Tuesday, April 26, 2011

Male and Female Sleuths, Part II

The reason why I enjoy Michael Connelly's Hieronymus Bosch series is that this writer manages to create a truly complex and ever-evolving male protagonist. This is a risky proposition since it means that the novels in the series have to be read in order. Otherwise, Harry Bosch's personality simply doesn't make sense. I have now read seven of the novels in the series and the main character still manages to surprise me. 

There is, however, one area of Harry Bosch's life where he sadly resembles the classic male sleuths of Conan Doyle, Agatha Christie and Chesterton. What Holmes, Poirot and Father Brown have in common is a complete absence of any personal life whatsoever. Not only are these characters completely and utterly sexless, they also lack any family members. It is true that Miss Marple is also not known for her wild sexual exploits. She does, however, have a slew of relatives whose stories provide her with clues she uses to solve her mysteries.

The reason why the classic male protagonists of mystery novels lead such sexless lives is, in my opinion, that the authors of these books cannot afford to antagonize their female readers. In the noir genre and the spy novels that are geared mostly towards male readership, male protagonists engage in numerous sexual adventures. Female readers, however, do not appreciate male characters who have too much sex. When recently Elizabeth George killed off the character of Helen, Inspector Lynley's wife, and had Lynley have sex with another woman, a huge number of her readers reacted with outrage. 

Of course, Connelly couldn't have Bosch, a police officer in Los Angeles at the turn of the XXI century, lead a completely sexless existence. Instead, the writer chose the path of turning Bosch into a constant and wistful victim of women who use him, manipulate him and dump him. Every single one of Bosch's love affairs follows the same path: he acts the role of a sad troubadour to a woman whom he keeps serving long after she betrays and abandons him.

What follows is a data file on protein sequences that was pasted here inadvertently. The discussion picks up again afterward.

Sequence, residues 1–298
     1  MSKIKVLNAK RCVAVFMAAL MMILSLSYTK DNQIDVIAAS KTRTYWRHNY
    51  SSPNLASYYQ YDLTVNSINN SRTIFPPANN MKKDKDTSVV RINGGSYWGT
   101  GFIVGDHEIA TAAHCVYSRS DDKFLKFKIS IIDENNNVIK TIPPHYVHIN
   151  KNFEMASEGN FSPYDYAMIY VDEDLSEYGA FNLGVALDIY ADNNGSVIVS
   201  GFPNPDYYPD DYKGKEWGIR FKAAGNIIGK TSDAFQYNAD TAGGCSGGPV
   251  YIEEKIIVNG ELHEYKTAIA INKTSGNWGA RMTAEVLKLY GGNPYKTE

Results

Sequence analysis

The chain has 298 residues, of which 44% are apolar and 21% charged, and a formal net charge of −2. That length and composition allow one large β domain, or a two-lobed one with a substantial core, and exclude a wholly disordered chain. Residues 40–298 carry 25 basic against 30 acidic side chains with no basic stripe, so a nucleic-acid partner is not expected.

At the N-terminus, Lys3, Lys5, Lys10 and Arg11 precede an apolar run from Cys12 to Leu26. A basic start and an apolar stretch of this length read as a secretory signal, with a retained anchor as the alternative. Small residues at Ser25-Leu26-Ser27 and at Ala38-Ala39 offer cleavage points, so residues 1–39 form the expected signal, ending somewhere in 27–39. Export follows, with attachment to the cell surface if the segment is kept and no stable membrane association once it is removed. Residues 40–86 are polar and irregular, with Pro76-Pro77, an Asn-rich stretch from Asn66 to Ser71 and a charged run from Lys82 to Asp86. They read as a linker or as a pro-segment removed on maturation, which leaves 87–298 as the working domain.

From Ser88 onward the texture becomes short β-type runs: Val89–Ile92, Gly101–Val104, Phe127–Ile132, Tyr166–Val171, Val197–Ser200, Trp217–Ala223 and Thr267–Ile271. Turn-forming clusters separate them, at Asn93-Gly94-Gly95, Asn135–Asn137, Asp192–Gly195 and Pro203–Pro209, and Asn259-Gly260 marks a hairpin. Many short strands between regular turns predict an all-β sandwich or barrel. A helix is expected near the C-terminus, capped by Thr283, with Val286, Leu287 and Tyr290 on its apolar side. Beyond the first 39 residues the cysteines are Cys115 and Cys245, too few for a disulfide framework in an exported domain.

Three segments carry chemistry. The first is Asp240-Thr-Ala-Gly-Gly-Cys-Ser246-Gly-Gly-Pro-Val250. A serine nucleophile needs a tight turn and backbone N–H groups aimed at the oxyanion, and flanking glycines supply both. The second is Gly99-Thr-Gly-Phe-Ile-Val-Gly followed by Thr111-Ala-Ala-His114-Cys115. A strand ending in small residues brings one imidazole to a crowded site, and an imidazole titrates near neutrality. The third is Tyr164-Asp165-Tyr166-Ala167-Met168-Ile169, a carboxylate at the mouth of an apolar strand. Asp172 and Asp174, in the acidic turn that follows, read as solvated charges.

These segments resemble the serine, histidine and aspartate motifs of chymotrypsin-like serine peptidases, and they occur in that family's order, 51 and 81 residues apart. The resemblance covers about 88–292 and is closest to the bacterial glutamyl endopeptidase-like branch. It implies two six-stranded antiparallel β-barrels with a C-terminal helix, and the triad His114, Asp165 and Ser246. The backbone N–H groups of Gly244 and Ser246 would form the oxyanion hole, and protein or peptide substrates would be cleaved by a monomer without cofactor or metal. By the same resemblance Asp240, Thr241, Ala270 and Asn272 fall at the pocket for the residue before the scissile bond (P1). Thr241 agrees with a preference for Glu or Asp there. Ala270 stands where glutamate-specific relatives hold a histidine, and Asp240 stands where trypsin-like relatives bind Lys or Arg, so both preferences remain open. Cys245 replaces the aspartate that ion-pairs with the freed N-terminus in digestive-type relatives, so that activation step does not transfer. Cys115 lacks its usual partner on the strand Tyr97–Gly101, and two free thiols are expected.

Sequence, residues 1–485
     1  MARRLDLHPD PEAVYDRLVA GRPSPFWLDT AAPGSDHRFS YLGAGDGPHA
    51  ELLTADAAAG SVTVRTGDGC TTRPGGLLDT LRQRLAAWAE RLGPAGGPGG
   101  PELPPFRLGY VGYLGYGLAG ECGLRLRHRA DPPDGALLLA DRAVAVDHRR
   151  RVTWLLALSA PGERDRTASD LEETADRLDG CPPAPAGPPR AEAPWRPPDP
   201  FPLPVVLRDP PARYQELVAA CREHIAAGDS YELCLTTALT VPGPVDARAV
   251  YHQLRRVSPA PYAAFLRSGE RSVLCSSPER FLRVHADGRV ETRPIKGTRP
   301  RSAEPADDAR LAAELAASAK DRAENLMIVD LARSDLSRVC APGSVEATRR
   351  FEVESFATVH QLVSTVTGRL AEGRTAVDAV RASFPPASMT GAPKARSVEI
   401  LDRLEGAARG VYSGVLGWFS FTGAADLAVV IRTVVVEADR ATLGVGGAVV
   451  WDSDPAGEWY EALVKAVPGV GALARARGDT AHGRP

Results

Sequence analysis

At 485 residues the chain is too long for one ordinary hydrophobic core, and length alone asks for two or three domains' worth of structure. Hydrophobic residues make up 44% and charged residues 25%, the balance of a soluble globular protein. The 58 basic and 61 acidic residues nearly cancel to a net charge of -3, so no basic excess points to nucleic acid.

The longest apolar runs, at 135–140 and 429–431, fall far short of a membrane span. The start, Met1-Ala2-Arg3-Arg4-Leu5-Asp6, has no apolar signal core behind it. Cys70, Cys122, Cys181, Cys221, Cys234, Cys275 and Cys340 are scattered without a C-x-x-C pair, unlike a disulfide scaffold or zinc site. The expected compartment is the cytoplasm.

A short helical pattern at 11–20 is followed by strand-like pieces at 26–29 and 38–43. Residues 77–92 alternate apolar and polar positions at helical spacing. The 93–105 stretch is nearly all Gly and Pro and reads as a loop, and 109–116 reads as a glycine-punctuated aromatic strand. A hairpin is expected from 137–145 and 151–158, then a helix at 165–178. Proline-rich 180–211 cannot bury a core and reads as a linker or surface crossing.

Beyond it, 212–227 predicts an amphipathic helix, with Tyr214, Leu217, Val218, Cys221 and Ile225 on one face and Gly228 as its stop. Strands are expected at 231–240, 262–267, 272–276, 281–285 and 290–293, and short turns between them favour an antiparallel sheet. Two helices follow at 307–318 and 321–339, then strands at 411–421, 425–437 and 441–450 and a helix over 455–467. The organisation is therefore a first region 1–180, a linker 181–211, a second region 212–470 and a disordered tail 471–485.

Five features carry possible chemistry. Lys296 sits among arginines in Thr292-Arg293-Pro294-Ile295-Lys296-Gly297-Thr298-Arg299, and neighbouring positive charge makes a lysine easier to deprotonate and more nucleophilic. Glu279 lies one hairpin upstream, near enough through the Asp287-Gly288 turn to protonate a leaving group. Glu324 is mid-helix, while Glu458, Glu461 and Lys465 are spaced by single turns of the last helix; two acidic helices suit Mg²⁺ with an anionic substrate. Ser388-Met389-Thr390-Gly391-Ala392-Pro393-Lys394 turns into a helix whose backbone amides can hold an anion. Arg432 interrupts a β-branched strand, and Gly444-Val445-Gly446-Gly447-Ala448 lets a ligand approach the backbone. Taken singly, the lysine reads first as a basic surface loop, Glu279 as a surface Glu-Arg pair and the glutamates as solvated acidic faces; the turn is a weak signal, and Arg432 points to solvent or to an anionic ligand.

Connelly's Bosch novels are an important step in the direction of creating believable, multi-faceted male sleuths. This project, however, is far from being complete, and even Connelly took a huge step back when he introduced his new Mickey Haller series which features a one-dimensional protagonist who follows all of the worst conventions of the genre.


2020 said...

May I sagest Kurt Wallander created by Swedish author Henning Mankell for an example of a male sleuth who's as interesting to learn about as it is to see him solving a case. I should admit that I've never read any of the books I've only ever seen the TV show which stared Kenneth Branagh but it was really multidimensional and a fascinating character study and did make me want to seek out the books. Was this any help to you?

Clarissa said...

This is very interesting. I think that Scandinavian writers might be of a huge interest to me. Recently, I started reading a mystery writer from Norway. i'll publish a review as soon as I'm done.

Anonymous said...

Speaking of mystery/crime writers, you might like the husband-wife team of Maj Sjowall and Per Wahloo.


I've been told by my swedish friends that these books are an amazingly accurate account of life in sweden in the 70s.


Clarissa said...

This is also a great recommendation. i will be reading a lot of these Nordic writers this summer to escape from the intolerable Midwestern heat. :-)